I always write about habits after they're done, but I thought that it would be interesting to write about one before it starts, to get really specific about the actual process of creating a new habit.
For my entire life, I've been messy. Battles were waged over my unwillingness to keep my room tidy as a kid. My RV is very easy to clean, but somehow my four forks and spoons live in the sink instead of their drawer. Even when I stay with friends while traveling, where I know it's extremely important to be respectful of their space and keep my stuff as low-impact as possible, I find myself being careless about leaving power cords and shoes around.
A useful first step towards changing a big lifelong habit like this is to build up a healthy contempt for your previous execution. This isn't self loathing or anything like that, just the attitude where you say, "This is completely unacceptable and ridiculous."
I remember about two years ago when I went to the dentist, I asked her what the most important thing I could do for my teeth was. She said it was flossing every day. I already knew that, of course, but I asked the question in a subconscious hope that she would say that it was something I was already doing. At that moment, I thought, "How insane is it that I'm unable to just floss my teeth every day, and that I need to ask a dentist for some justification not to do it?"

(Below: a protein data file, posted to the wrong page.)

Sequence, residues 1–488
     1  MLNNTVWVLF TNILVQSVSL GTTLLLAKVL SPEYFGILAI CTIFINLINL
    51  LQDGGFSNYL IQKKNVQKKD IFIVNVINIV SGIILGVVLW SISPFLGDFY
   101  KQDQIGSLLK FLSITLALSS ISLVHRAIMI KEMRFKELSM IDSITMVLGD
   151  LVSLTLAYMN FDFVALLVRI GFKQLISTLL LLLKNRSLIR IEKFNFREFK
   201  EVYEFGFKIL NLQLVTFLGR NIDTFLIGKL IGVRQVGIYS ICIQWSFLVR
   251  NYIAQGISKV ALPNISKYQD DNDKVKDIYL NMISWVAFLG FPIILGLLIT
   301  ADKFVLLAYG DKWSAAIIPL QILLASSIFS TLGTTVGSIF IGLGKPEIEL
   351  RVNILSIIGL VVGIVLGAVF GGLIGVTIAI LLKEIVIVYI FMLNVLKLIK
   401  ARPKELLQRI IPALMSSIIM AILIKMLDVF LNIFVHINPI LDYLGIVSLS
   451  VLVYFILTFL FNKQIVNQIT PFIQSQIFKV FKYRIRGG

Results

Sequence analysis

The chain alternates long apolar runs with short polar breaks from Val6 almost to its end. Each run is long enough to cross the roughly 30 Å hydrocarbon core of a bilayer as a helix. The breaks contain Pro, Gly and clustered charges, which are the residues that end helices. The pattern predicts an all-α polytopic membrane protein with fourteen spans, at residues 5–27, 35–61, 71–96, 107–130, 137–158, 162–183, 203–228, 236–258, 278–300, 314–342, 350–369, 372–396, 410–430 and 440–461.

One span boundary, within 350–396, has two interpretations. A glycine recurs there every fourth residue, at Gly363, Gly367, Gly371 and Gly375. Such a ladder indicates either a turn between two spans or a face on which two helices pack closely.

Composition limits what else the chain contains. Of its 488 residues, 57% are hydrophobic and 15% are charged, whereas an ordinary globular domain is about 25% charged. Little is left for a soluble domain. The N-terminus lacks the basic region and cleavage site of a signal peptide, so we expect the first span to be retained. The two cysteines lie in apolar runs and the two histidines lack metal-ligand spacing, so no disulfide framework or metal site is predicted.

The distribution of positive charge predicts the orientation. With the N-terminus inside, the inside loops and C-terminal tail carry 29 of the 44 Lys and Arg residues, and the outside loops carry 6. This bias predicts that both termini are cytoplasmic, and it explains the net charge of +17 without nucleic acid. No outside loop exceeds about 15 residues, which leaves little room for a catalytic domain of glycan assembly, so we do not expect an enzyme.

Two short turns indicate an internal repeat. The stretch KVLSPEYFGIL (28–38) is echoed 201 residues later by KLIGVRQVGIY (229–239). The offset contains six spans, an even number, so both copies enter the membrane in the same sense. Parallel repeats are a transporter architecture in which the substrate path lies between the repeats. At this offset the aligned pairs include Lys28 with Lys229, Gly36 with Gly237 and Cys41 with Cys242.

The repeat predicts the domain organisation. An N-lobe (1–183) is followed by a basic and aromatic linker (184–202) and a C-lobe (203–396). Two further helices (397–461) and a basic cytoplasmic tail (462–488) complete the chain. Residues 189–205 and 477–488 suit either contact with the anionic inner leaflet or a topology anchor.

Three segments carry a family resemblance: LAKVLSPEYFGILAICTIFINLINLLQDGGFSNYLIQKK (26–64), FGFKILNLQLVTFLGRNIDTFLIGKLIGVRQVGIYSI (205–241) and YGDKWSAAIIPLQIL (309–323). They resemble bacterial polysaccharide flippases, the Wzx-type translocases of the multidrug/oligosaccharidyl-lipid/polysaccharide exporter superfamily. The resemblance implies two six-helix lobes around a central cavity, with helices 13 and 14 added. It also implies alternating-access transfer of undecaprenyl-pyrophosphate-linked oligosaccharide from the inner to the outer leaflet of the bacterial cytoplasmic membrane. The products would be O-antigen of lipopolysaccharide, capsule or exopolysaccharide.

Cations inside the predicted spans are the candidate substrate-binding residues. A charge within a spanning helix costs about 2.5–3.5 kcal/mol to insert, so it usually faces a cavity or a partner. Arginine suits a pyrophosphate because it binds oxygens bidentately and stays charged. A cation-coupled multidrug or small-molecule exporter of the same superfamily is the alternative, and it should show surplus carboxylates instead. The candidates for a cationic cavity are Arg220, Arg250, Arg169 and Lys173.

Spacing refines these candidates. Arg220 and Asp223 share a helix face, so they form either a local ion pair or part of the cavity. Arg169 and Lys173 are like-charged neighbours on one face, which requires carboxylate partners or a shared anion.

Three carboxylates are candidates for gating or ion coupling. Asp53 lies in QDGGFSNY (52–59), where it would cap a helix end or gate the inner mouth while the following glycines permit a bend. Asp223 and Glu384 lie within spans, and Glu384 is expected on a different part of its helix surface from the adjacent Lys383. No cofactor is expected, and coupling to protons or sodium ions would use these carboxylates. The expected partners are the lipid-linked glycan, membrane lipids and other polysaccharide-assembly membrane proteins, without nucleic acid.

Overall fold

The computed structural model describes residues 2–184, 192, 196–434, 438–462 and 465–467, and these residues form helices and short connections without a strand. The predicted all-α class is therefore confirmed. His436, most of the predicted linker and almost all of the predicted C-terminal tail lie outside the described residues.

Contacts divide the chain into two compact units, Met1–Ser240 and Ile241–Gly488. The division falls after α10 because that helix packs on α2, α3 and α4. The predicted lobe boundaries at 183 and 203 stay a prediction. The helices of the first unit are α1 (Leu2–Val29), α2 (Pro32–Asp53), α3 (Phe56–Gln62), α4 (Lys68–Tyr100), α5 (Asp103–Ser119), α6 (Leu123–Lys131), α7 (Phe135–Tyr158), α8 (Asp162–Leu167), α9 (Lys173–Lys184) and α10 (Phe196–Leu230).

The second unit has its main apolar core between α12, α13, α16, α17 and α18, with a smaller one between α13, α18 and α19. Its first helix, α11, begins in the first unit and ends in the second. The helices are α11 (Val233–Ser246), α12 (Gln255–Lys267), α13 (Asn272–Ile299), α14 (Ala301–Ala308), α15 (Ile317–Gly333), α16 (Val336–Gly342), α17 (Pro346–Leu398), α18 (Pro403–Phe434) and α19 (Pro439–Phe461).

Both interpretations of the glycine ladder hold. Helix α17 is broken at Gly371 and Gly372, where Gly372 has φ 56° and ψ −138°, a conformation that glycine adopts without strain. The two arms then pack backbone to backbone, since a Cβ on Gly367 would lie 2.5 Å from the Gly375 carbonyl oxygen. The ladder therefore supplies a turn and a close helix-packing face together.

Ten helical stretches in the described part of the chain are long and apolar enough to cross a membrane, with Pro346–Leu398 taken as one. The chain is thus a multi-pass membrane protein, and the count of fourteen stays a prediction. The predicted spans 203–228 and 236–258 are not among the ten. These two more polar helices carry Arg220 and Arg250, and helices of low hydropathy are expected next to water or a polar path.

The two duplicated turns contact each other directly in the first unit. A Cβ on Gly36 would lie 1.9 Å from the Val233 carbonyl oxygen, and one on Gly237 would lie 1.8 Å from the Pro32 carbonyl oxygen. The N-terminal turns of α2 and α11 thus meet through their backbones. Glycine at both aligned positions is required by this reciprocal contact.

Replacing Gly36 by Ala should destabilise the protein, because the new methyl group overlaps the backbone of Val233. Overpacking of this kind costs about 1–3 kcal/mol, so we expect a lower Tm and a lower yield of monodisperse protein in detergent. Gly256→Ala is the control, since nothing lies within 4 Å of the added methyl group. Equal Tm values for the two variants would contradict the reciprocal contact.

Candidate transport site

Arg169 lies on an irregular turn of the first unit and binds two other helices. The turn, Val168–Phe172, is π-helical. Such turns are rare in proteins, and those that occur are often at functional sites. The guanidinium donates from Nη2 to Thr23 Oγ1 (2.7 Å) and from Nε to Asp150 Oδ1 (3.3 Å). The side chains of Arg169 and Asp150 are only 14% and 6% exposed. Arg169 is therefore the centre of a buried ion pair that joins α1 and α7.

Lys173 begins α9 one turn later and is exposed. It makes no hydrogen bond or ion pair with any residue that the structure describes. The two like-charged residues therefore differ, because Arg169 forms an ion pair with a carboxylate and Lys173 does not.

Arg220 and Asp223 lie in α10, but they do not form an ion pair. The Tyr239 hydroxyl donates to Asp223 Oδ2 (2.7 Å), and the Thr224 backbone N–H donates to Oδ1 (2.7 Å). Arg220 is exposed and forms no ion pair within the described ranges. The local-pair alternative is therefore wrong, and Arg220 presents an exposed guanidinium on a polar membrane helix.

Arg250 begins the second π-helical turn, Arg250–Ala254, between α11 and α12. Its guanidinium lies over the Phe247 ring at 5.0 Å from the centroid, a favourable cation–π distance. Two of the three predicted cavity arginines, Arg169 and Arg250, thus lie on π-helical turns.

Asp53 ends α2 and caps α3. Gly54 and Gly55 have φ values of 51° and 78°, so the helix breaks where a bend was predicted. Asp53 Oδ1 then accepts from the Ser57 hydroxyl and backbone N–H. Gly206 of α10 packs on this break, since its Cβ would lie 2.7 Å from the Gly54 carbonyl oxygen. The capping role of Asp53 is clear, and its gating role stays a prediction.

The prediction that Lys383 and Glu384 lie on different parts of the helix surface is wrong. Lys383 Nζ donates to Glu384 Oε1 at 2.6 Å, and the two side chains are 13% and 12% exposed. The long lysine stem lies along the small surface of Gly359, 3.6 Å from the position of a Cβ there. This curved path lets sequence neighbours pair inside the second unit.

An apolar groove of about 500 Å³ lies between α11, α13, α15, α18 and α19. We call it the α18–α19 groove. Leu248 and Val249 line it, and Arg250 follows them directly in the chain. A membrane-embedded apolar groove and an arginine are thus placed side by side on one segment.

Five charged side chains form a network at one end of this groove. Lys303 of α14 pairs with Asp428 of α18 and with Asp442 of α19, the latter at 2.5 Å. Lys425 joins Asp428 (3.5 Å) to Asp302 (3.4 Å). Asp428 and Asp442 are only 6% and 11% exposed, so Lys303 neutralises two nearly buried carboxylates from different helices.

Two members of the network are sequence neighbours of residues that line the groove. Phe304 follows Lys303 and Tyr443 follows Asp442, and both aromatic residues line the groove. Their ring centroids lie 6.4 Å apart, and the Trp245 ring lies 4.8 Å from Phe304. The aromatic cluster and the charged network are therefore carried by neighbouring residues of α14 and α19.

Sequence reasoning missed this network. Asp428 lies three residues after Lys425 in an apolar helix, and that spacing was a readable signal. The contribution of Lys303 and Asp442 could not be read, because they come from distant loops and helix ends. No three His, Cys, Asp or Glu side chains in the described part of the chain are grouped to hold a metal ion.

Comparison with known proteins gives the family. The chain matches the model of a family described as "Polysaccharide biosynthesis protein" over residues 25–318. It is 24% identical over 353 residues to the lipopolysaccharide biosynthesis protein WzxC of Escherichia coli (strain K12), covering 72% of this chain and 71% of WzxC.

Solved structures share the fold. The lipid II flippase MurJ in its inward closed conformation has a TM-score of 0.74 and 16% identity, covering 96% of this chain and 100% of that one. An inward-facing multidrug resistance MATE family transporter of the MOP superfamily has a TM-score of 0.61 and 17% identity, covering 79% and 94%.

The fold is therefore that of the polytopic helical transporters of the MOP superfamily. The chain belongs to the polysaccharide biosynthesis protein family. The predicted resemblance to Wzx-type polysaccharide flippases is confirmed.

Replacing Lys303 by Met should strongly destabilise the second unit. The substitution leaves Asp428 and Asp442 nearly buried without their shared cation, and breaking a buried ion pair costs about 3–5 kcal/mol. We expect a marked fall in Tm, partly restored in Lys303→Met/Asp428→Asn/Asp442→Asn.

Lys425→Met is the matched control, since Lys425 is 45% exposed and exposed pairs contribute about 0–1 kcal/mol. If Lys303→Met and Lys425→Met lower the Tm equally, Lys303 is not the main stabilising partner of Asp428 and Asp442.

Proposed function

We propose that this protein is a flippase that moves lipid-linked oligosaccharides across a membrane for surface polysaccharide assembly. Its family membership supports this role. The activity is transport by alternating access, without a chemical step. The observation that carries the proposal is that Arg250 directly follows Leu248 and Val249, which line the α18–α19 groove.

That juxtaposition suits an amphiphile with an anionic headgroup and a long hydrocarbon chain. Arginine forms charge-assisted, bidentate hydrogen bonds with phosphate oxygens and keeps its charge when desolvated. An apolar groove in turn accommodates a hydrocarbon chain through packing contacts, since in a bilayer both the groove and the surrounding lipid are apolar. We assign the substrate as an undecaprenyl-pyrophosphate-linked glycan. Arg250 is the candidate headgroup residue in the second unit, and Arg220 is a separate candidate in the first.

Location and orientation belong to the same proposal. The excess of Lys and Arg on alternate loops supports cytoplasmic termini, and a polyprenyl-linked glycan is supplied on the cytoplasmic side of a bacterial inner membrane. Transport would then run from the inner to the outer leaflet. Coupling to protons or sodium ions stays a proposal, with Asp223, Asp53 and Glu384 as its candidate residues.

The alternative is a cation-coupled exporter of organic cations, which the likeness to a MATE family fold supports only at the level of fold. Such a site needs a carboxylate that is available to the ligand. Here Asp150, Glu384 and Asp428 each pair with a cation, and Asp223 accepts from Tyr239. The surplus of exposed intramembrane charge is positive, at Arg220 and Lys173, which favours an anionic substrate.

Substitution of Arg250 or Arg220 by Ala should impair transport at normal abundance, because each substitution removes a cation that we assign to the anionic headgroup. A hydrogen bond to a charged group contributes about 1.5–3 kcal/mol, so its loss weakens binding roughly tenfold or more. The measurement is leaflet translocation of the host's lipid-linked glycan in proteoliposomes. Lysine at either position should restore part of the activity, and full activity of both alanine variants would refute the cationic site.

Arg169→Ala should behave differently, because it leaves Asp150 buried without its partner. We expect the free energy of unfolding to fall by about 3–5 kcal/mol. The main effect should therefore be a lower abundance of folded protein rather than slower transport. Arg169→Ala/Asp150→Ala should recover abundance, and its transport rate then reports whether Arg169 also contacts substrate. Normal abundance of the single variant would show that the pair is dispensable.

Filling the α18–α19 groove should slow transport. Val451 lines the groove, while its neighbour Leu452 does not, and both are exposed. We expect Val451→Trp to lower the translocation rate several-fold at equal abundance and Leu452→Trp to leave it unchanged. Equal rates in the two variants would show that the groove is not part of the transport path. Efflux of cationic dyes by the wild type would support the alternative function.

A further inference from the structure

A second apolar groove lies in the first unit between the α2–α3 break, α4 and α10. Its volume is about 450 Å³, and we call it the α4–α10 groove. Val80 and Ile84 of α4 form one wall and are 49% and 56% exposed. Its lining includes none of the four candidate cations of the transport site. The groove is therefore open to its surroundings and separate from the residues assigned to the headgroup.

That night I started flossing every day, a habit which is now second nature (except when I travel, sometimes).
Once I build up that disgust with my previous ways, I stoke the fires by really thinking through the ramifications of each path. With being a tidy person, for example, I thought about how I'm the one doing the cleaning anyway, so if I would just do it up front, I would do the same or less work but have a nicer environment. I thought about how I actually think better when my surroundings are pleasant, and how that impacts my work. I thought about how poorly it reflected on me that I wasn't a tidy person.
With pretty much every habit, too, I think: "If I can't build this habit, how much can I really expect of myself?"
I thought that about flossing. Can I really expect to have the discipline to build a great blogging platform if I can't get myself to floss for two minutes every night? Can I be the head of a family if I can't keep my tiny RV clean all the time? This serves to whip me up into a minor emotional frenzy, a state which causes me to have very little respect for the Tynan who would go down the lesser path.
Habits are easy once you've build momentum, but these emotional tricks can help get the ball rolling.
Next I figure out exactly what the problem is. Here's exactly what I wrote:
Problem: RV is always messy, not a tidy guest.
I then break the problem down and figure out when it's hard and what I'll do in those situations. Again, from my personal notes:
Identify times when I'm NOT cleaning and should be. Figure out strategy for each type of mess.